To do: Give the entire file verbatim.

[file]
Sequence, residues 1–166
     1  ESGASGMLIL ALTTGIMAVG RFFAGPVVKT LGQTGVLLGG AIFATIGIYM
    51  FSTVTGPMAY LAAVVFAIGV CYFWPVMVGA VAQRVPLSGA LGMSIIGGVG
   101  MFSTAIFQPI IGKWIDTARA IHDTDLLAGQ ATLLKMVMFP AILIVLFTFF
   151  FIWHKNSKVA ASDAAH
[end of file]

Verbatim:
Sequence, residues 1–166
     1  ESGASGMLIL ALTTGIMAVG RFFAGPVVKT LGQTGVLLGG AIFATIGIYM
    51  FSTVTGPMAY LAAVVFAIGV CYFWPVMVGA VAQRVPLSGA LGMSIIGGVG
   101  MFSTAIFQPI IGKWIDTARA IHDTDLLAGQ ATLLKMVMFP AILIVLFTFF
   151  FIWHKNSKVA ASDAAH